Jail and the moral imperative. 

I took someone to jail last Friday night. I also watched tickets be written, domestic violence situations diffused, and watched the unique relationship between police and fire departments when a fire engine blew a turn and hit a pole. But observing the process of crime scene investigation resulting in at least a night in jail for one citizen was quite profound. I received a 360 view of the policing process from first arrival on-scene to final signature to place someone in jail.

These were all a part of my ride along with the Montgomery Police Department as part of the Leadership Montgomery program. I spent eight hours patrolling District 12 of West Montgomery from 10pm-6am. I specifically chose a district out of my comfort zone, out of my daily drive. I specifically chose the third shift to challenge my own sense of time and to get an impression of what happens when I am sweetly sleeping in my safe Garden District home.

While I still have unanswered questions, one thing is for certain for me as a leader. I have a moral imperative to develop character in my students. Yes, encourage them to take tough math classes and become avid readers. Yes, cheer for them at games and applaud for them at concerts. Yes, encourage more water and less sugar. AND, more than anything else, encourage them to become good people, who build strong, healthy relationships, have open minds, and on a regular basis make good choices. In my privileged life it would never occur to me to be out after 11:30pm at a party with an infant child (without a baby seat.) It would never occur to me get behind the wheel after massively intoxicated to the point that I drive my car off a cliff. It would never occur to me to flat-out lie to a police officer. Perhaps these elements are based on privilege but in my gut, they are more about education. They are about the fact that I have been educated, not just for my occupation, but also for my character.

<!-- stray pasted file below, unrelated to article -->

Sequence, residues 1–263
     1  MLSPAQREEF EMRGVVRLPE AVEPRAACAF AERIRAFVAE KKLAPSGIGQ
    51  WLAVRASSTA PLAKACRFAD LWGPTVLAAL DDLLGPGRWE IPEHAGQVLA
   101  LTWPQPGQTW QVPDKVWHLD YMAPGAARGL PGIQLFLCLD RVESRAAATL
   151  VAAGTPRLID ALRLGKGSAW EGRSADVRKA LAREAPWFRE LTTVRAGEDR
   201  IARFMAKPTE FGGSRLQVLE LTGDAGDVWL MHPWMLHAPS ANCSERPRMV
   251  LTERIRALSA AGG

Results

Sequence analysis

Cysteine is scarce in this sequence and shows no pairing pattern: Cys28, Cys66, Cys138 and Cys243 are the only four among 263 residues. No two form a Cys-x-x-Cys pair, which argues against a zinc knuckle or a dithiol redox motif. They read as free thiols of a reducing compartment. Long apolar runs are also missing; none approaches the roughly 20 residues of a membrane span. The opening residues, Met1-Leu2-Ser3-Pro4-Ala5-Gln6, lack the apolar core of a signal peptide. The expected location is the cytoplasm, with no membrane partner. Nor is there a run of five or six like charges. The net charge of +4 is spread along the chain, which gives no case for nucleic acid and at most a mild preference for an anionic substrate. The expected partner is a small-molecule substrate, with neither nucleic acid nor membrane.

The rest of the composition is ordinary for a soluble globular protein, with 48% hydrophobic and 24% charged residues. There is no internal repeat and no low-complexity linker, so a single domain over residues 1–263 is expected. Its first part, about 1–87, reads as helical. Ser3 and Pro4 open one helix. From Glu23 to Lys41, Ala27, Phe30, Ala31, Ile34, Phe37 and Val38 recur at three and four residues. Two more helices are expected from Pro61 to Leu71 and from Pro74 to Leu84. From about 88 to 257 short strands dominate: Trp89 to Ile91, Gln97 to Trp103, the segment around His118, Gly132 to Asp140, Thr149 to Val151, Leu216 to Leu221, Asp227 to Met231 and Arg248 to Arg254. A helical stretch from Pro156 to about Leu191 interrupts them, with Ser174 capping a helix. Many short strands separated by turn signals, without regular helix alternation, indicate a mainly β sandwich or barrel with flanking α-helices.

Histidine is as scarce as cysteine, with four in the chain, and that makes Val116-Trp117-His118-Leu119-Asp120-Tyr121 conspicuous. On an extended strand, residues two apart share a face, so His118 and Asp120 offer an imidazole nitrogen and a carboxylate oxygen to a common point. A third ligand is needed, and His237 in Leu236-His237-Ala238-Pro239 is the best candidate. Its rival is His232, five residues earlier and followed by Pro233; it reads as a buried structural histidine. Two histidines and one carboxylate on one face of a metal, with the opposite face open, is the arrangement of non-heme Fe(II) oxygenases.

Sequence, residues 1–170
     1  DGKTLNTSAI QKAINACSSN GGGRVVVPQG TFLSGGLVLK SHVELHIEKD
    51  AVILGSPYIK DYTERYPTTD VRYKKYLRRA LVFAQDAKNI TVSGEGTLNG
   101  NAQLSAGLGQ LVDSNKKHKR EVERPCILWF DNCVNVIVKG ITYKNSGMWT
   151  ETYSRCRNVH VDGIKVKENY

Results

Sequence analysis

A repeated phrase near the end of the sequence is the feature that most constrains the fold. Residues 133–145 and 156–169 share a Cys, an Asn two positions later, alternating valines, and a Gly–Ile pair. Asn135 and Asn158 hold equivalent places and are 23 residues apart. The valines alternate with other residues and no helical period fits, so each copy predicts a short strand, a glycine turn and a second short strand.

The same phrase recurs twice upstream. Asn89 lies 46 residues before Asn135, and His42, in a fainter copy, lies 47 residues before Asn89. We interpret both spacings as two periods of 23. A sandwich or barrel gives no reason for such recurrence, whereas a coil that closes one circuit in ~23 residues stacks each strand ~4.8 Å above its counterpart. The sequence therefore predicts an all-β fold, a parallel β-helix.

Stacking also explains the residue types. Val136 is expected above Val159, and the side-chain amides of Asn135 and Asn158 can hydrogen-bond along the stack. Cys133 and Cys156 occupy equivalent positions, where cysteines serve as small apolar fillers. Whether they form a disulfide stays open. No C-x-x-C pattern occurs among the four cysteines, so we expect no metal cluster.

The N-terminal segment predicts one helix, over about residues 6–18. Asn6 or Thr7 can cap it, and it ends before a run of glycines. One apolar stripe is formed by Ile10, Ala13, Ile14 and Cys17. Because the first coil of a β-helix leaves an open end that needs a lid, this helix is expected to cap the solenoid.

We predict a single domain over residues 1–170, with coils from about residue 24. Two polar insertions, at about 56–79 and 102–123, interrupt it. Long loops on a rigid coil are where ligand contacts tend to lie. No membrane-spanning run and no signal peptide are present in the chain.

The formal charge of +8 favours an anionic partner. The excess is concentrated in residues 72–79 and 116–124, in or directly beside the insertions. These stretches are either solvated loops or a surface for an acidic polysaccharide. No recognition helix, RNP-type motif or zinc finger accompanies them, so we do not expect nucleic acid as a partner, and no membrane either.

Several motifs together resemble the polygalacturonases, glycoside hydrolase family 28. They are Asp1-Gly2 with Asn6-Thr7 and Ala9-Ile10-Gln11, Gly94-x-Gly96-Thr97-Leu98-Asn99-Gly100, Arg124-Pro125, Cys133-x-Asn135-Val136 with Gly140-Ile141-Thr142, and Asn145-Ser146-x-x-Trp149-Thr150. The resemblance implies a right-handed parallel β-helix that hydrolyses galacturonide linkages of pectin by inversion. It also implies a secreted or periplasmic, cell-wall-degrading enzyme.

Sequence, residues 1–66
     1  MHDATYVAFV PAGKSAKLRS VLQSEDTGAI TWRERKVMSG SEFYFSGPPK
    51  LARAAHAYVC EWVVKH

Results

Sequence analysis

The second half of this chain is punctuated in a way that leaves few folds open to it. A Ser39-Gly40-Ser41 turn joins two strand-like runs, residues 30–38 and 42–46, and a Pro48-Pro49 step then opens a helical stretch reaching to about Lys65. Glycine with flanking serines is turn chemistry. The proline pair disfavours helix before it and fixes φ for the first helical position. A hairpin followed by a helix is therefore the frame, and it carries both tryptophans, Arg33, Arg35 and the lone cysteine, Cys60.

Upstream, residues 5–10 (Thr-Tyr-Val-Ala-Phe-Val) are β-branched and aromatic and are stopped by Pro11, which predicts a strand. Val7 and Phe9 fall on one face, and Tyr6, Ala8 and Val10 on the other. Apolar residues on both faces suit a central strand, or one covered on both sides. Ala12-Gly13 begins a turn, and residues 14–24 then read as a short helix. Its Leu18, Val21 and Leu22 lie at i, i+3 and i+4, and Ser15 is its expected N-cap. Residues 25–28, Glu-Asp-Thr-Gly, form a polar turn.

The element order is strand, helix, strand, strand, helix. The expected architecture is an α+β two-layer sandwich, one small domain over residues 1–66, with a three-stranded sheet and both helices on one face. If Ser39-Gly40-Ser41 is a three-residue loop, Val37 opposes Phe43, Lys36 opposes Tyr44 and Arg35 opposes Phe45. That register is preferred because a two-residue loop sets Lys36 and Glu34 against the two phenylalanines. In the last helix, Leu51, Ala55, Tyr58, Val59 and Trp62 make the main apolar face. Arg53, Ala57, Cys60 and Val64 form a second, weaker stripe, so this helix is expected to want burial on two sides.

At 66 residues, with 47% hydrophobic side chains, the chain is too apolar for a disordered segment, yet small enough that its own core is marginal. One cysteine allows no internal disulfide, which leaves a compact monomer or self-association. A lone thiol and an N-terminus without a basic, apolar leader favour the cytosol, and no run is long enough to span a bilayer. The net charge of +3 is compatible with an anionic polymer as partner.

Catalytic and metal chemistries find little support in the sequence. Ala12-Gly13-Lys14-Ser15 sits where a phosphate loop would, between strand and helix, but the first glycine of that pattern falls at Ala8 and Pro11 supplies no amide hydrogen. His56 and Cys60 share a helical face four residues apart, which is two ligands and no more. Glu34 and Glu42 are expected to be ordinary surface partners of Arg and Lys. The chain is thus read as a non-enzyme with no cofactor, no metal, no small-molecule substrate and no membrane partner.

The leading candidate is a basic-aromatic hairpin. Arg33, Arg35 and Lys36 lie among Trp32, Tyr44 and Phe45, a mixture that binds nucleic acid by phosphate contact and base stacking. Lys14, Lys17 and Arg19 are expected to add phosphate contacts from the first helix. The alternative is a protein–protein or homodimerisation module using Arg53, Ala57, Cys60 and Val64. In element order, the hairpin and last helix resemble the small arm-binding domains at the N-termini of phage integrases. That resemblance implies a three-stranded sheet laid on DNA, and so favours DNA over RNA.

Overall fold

I also have the moral imperative to help my students break out of their bubble. We live in a small city, 200,000ish residents. But I wonder how many of my own students know of the abject poverty in this town? How many of them know about the deplorable conditions in which children are being raised? How many of them know that living in poverty should not be a crime? I don’t know how many of them know these things, but in order to be leaders who serve their community well, they must know. They must have an understanding of the whole world around them to be truly educated.

This goes beyond standards and objectives, tests and essays and digs to the heart of what we do. I wonder if the man I put in jail ever had the opportunity to learn? I wonder if he will ever appreciate the fact that he is still alive (the crash was horrible) and move forward? I wonder if someone had reached him at age eleven if his life would have been different? My current prayer for him is that he uses this as a learning opportunity and starts anew. As for my students, I hope they have a chance to see the whole view of their city and work diligently to improve it. It is time to break the cycle here and I truly believe it is our job to build the leaders to do it.

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